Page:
Sign up/in with USCG AUX


U.S. Coast Guard Auxiliary - Public Affairs - History Program

First and Second World War Monuments 

Memorializing the U.S. Coast Guard

Most Americans are unaware that the U.S. Coast Guard fought valiantly alongside sailors, marines, and soldiers in both world wars. Despite the public’s limited understanding of this sea service’s extensive wartime history, there are several monuments and memorials that recognize the sacrificial service of the active duty, reserve, and Auxiliary members of the U.S. Coast Guard. This essay sheds light on a few of the memorials honoring the U.S. Coast Guard’s service and sacrifice in wartime.

Coast Guard World War 1 Memorial 

Coast Guard World War Memorial, Arlington National Cemetery, VA. United States
Image provided by DVIDS, Senior Chief Petty Officer Michael Hvozda

When the United States finally decided to enter the World War, (or “Great War,” as it was called in most of the English-speaking countries) in April of 1917, the Coast Guard was put to work protecting Allied ship convoys as they travelled through seas infested with German submarines. Formed into Squadron 2 of Division 6 of the U.S. Navy’s Atlantic Fleet in the late summer of 1917, the cutters Seneca, Manning, Yamacraw, Algonquin, Ossipee, and Tampa provided escort protection for Allied convoys between the British Isles and Gibraltar in what proved to be the final year of the war. The lost eleven men on September 17, 1918, after crewmen volunteered to salvage the British steamer Wellington that was singking in the Bay of Biscay. Ten days later, on September 26, the cutter USS Tampa, after returning to Great Britain from convoy escort duty, was destroyed after presumably being attacked by a German submarine as she sailed for port. All hands died: of the 115 aboard ship that evening, 111 were Coast Guardsmen

These two events were the impetus for the erection of the U.S. Coast Guard Memorial in Arlington National Cemetery, dedicated on May 23, 1928. The foundation of the monument is a large, rock-encrusted navigational compass; on top of the base sits a twelve-foot-tall white marble pyramid inscribed with the names of Coast Guard personnel who died during the First World War. On the frontside of the monument is the Coast Guard shield and motto, Semper Paratus. In front of the monument near the base is a sculpted, bronze seagull with outstretched wings above the words “World War.” (Before World War II, the 1914-1918 conflict was known without its numeric designation.) The monument was designed by architect George Howe and sculptor Gaston Lachaise, who intended to evoke strength, steadfastness, and the idea that the Coast Guard was constantly watching over the nation as it patroled the United States’ coastal waters. The memorial blends nature, maritime tradition, ancient Egyptian history and the venerated names of the Coast Guard’s dead. One side of the pyramid recognizes the dead crewmen from the Seneca, whose names appear under the homage that they were “lost in bravely endeavoring as volunteers to salvage torpedoed British steamer Wellington Bay of Biscay September 17, 1918.” Below the names of the Seneca dead, under the title, “These Too Died for Country” are inscribed the names of 75 Coast Guard officers and enlisted men who lost their lives during the war. On another side of the pyramid are the names of the crew of the Tampa, under the tribute, “Officers and men U. S. Coast Guard Cutter Tampa sunk by enemy submarine in Bristol Channel September 26, 1918 when all on board were lost.” Sadly, the Arlington monument would not be the last memorial to the Coast Guard’s war dead. Little more than thirteen years after the Coast Guard’s “World War” memorial was dedicated, the United States would be swept into another world conflict, one much longer and costlier in lives than the first.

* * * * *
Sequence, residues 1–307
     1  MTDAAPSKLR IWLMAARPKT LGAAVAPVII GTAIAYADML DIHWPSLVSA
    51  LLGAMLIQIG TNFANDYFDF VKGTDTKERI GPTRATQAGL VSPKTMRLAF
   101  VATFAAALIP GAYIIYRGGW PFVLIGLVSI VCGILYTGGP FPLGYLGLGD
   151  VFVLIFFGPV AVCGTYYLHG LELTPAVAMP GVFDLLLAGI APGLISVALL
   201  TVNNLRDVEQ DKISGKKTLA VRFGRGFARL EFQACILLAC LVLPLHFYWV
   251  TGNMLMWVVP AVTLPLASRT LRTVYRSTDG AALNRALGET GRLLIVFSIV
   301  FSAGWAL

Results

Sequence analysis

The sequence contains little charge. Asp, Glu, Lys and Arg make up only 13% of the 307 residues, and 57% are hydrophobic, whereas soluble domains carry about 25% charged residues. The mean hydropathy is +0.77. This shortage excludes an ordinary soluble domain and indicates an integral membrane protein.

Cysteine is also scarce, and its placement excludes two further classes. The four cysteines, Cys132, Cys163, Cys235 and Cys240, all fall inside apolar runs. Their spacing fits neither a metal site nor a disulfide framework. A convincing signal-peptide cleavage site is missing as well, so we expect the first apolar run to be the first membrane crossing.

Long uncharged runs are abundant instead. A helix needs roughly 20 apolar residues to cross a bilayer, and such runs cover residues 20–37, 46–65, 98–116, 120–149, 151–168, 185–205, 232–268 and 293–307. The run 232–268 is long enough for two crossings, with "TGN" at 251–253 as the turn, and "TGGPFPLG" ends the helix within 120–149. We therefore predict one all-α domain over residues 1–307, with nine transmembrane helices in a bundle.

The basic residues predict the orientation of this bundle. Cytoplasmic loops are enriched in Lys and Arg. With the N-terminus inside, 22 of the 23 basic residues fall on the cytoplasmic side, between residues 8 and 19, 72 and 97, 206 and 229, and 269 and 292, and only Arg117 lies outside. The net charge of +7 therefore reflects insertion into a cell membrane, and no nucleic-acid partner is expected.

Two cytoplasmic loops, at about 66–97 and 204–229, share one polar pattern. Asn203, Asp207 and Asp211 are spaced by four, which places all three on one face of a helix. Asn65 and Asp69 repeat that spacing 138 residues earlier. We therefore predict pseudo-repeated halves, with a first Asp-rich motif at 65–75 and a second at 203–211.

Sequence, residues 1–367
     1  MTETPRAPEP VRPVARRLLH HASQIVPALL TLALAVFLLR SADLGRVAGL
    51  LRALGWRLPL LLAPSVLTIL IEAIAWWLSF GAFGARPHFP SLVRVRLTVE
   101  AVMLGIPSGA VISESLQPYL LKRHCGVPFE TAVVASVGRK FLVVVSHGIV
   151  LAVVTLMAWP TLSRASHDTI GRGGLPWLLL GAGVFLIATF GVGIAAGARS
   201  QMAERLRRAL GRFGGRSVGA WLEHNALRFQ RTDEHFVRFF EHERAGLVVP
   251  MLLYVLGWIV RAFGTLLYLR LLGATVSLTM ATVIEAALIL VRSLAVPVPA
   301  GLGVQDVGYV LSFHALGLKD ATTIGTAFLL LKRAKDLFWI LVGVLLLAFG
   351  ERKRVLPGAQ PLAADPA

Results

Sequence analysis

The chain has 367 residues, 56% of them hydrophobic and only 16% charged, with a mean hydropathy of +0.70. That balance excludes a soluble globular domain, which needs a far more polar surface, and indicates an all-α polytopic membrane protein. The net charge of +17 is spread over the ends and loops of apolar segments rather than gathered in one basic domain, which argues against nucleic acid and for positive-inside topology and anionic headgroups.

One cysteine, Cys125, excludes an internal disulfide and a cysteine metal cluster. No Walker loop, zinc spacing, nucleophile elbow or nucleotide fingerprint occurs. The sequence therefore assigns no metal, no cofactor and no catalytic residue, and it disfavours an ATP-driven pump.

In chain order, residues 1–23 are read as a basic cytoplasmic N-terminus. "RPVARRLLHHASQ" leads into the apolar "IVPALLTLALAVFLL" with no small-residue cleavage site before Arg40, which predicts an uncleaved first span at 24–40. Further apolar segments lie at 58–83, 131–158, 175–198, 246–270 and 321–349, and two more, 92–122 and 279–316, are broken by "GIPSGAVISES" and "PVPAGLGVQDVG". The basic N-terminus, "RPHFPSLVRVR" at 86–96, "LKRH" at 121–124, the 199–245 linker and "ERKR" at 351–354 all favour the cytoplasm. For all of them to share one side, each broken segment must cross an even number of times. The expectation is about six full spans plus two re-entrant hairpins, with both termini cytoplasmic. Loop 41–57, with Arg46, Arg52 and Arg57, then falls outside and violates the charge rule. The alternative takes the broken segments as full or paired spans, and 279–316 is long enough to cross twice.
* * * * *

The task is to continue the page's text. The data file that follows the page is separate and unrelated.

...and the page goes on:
Douglas Albert Munro 

Second World World - 77th Anniversary of Battle of Guadalcanal, Cle Elum, WA, United States
Image provided by DVIDS, Chief Petty Officer William Colclough USCG District 13

Douglas Albert Munro

For the U.S. Coast Guard, twenty-two-year-old Signalman First Class Douglas Albert Munro’s actions have come to epitomize the values and virtues associated with unselfish sacrifice to save others. Munro’s commanding officer, Lieutenant Commander Dwight H. Dexter, in a letter to Munro’s parents explaining the circumstance of their son’s death, wrote, “I have pride in telling you that he covered himself with honor and I hope Glory, and fulfilled the mission so satisfactorily that almost all of the men he had under his charge returned to their unit and without exception all had praise for your son’s execution of his duties.” On Sunday, September 27, 1942, Munro volunteered to lead a rescue mission for a battalion of U. S. Marines trapped at Guadalcanal. As the last of the marines were being evacuated from the beach, Munro realized that his remaining landing craft were exposed to Japanese fire. He positioned his vessel so it could “shield” the other boats and the remaining marines as they scrambled off the beach. Near the end of the gunfight with the Japanese, Munro was mortally wounded as the last of the boats withdrew. His actions were so extraordinary that Munro was posthumously awarded the Medal of Honor, the first and only time this decoration was bestowed on a member of the USCG.